When you look at this chart, you will note that the most effective scenario for protecting capital is strategy three, where 50 per cent of the portfolio is held in shares and the other 50 per cent in cash and deposits. This strategy involves taking the most risk.

The other two scenarios both result in a substantial decline in capital. This is hardly surprising, because in the first scenario the couple only produces a cash flow of $14,750 but they need $52,000 a year. This means they will have to spend an increasing amount of their capital every year to make ends meet.

Annuities and retirement income

In the case of the annuity, we have a very different situation. For the purpose of this exercise, I obtained an actual annuity quote from a large annuity provider in Australia. I chose a lifetime annuity so that the couple need not worry about outliving their capital as the annuity will continue to pay them however long they live.

When the first of them passes away, the survivor will continue to receive two-thirds of the annuity income until they too die. However, once both of them have died, there is no capital available to their estate unless they die before their life expectancy – not a pleasant thought.

The idea of a lifetime annuity is to cover the risk of living too long and not dying too soon. The annuity provides a regular annual cash flow of $38,690 (paid in monthly instalments), which increases at 2.5 per cent per annum for as long as they live.

I undertook an analysis to determine what rate of interest is effectively being paid by the annuity provider on the couple’s capital in these circumstances.

It may shock you to find out that the effective interest rate is negative 0.749 per cent. This is because, at the moment, the rate of inflation shown in the quote (2.5 per cent) is significantly above the rate of interest available for long-term deposits (1.5 per cent). Under the terms of the annuity, the couple can access their capital prior to their life expectancy in limited circumstances but the withdrawal value declines rapidly over the period of the annuity if they live until they reach their life expectancy.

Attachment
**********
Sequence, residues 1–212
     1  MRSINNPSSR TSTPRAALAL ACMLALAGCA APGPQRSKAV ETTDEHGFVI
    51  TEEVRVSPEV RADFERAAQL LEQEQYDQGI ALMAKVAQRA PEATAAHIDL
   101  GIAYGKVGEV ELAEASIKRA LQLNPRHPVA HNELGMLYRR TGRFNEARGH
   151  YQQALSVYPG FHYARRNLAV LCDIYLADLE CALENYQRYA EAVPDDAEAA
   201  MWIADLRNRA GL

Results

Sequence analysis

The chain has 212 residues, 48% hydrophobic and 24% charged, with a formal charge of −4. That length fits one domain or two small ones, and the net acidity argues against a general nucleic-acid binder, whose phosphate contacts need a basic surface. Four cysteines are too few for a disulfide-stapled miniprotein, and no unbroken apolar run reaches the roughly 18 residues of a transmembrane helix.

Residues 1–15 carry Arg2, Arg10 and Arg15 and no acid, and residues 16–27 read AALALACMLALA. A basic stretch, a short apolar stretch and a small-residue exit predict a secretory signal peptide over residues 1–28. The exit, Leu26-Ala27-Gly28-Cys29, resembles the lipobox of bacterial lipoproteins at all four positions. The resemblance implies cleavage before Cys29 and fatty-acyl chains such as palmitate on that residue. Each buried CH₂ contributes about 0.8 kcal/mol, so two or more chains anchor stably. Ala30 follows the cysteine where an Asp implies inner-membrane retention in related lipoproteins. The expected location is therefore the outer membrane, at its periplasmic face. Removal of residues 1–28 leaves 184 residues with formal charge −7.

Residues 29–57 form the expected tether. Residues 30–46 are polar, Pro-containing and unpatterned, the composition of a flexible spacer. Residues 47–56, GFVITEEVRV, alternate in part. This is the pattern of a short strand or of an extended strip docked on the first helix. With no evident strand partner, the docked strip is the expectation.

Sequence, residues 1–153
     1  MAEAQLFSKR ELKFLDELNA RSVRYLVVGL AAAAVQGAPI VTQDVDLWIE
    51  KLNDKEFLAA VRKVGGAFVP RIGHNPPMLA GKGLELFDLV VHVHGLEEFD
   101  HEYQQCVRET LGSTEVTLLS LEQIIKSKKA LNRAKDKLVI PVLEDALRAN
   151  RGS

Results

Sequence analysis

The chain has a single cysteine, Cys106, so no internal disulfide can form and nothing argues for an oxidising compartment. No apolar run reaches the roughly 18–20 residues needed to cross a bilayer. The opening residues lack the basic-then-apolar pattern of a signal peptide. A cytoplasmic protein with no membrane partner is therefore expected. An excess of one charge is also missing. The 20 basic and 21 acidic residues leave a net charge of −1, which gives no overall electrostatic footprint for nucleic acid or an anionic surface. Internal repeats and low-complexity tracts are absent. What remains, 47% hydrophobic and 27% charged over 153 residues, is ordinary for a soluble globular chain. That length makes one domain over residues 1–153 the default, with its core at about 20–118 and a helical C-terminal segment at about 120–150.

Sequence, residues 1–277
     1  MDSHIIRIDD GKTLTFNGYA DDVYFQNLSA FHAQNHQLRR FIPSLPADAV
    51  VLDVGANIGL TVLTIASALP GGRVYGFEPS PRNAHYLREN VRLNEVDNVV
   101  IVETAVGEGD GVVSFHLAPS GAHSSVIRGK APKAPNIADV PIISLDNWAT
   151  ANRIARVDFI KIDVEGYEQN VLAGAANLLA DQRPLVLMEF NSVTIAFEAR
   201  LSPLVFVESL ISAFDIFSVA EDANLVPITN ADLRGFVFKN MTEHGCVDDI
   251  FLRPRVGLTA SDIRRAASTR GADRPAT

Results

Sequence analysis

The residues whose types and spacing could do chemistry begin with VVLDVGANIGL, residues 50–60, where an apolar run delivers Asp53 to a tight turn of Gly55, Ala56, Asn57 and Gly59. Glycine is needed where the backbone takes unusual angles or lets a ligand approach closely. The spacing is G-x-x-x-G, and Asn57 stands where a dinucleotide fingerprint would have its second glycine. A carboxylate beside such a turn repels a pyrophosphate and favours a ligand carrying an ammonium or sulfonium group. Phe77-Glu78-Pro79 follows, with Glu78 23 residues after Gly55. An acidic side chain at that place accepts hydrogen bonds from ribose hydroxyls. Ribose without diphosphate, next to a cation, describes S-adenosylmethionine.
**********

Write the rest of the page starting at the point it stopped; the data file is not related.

Annuities are extremely complicated financial products and it is essential that you obtain advice before deciding to use them. They offer both advantages and disadvantages that will vary greatly from individual to individual.

Retirement income issues to consider

The results from each of these scenarios is very different in terms of cash flow and the value of the assets over time. So, are you confused yet?

Having seen all this information which strategy would be best for you? As usual the answer is – it depends. It depends on a whole range of issues including:

  • your age, your health, your marital status and whether you are a homeowner
  • your total investments including superannuation
  • your current or potential entitlements to age pension
  • how much cash you need to live on each year allowing for occasional big-ticket items
  • how much money you want to leave to your family when you die
  • how much risk you are comfortable to take
  • making allowance for aged care costs, etc.

Remember, there could be other possible strategies as I only chose these three for comparison purposes. It is important to note that there are many factors (sometimes counteracting each other) that impact these projections and which can change over time, including:

  • Age Pension
  • taxation rules
  • superannuation rules
  • investment returns
  • personal cashflow needs
  • personal choices
  • changes in cost of living
  • health and age care costs

This is why it is important to consider obtaining advice from a qualified, non-conflicted source before choosing a course of action. This could make the difference between disaster and a successful financial outcome.

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Do you know how you'll meet your retirement income needs? Have you considered annuities, shares or term deposits as options?